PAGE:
Navigation Links
New therapy target for kids' fever-induced seizures
Date:6/11/2013

CHICAGO - Fever-induced childhood seizures, known as febrile seizures, can be terrifying for parents to witness. The full-body convulsions, which mostly affect children six months to five years old, can last from mere seconds up to more than 40 minutes. Currently, children are not treated with daily anticonvulsant medication to prevent these seizures even when they recur repeatedly because toxic side effects of existing treatments outweigh potential benefits.

While scientists know these seizures typically occur when a fever is above 100.4 degrees Fahrenheit (38 degrees Celsius), the exact mechanism at work has been unclear.

Now, in a new study appearing in the June 12, 2013 issue of The Journal of Neuroscience, a team of Northwestern Medicine researchers has identified a new key factor in the generation of febrile seizures, leading to a new therapeutic target for humans. The team further found that nimodipine, a commonly available L-type calcium-channel blocker, dramatically reduced the incidence and duration of febrile seizures in animals.

"Until now, most scientists believed L-type calcium channels, pores in the membrane that allow calcium into cells, were not engaged in the initiation of the brain electrical activity," said the study's lead author Marco Martina, MD, associate professor in physiology at Northwestern University Feinberg School of Medicine. "We show that the activation of these channels, which are temperature sensitive, actually drives the electrical activity, not just follows it. As such, these channels may play a key role in seizure associated with high body temperature. Consequently, we can develop better treatments for toddlers and reduce the risk of negative outcomes."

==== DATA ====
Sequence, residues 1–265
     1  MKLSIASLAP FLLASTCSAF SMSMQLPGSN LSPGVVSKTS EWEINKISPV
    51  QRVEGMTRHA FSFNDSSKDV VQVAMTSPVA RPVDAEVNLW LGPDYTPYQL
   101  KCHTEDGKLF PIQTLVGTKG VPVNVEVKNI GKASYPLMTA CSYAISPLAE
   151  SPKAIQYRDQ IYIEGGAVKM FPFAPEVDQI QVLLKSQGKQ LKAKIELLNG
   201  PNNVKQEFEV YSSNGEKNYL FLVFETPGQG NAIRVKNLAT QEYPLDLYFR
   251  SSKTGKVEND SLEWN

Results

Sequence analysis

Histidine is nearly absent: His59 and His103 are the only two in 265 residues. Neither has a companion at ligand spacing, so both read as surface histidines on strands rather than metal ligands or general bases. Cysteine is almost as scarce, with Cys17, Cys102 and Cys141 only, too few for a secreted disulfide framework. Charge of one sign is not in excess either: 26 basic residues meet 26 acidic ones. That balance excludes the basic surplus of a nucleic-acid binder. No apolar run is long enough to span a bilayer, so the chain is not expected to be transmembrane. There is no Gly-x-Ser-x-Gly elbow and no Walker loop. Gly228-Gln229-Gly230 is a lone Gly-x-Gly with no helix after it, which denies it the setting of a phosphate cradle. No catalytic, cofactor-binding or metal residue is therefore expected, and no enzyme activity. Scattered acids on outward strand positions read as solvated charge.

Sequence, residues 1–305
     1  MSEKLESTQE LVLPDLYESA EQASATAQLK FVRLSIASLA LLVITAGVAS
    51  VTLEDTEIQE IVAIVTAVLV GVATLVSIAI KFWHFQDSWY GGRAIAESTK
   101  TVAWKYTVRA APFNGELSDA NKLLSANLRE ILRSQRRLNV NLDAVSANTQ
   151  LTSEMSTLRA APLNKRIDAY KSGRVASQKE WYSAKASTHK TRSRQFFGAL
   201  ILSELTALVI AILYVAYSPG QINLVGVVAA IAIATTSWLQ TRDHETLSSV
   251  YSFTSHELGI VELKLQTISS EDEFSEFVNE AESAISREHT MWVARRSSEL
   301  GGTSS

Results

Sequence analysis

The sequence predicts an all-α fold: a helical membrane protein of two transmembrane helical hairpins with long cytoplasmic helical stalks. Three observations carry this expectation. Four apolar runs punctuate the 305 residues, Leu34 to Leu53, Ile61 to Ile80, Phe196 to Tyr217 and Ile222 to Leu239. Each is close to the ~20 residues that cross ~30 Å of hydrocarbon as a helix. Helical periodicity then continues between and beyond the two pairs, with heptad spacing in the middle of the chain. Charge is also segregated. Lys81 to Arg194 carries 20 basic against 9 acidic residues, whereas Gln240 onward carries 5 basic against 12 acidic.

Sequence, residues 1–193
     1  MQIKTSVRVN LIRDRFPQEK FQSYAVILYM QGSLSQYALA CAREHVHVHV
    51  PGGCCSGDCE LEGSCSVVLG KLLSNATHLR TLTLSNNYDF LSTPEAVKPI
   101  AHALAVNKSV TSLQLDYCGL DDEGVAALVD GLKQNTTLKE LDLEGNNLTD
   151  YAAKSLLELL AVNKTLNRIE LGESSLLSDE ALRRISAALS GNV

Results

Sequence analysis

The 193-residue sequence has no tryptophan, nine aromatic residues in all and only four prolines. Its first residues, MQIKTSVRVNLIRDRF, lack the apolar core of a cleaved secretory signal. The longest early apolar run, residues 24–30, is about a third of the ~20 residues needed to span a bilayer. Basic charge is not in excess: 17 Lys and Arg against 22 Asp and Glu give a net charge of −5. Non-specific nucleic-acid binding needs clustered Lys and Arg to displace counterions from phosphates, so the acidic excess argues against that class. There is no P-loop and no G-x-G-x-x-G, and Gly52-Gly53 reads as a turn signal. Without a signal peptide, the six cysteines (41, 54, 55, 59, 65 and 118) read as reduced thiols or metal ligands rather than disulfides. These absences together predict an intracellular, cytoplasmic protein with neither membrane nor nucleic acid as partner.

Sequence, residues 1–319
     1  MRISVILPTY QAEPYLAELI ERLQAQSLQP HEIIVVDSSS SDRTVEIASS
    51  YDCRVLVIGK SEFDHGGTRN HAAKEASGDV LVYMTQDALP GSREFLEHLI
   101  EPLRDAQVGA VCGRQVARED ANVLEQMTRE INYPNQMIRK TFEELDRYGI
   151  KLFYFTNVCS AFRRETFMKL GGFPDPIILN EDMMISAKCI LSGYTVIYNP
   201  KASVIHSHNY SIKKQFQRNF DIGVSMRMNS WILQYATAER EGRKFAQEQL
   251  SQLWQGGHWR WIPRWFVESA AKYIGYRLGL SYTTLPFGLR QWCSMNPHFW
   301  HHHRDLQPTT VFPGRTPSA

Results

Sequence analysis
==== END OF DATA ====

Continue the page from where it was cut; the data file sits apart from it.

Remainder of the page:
Febrile seizures affect about five percent of children in the United States and are mostly benign, but do carry a risk of negative long-term consequences on brain development.

In this study, the Northwestern team used electrical recordings of the hippocampus of rats to determine that temperature-sensitive L-type calcium channels in triangle-shaped neurons, which are the major neuronal cell type of the brain cortex, play a major role in febrile seizures. This observation provides an alternative therapeutic target for febrile seizures that is distinct from current epilepsy drug therapy, which commonly focuses on blocking sodium channels.

Once the team identified L-type calcium channels in neurons as the likely culprit, scientists took the finding one step further to test their hypothesis, administering the calcium channel blocker nimodipine in an animal model as a treatment for febrile seizures. The results were striking: nimodipine dramatically reduced both the incidence and duration of febrile seizures in rat pups.

"The good news is that we already have many FDA-approved drugs that block L-type calcium channel," says Martina. "Therefore if proven effective in clinical trials, this could be an important advance in clinical care. Because L-type calcium channel blockers such as nimodipine are safe drugs, every toddler with febrile seizures can potentially be treated to stop or prevent seizures triggered by high fever and reduce the risk of long term neurological consequences of uncontrolled recurrent or prolonged febrile seizures."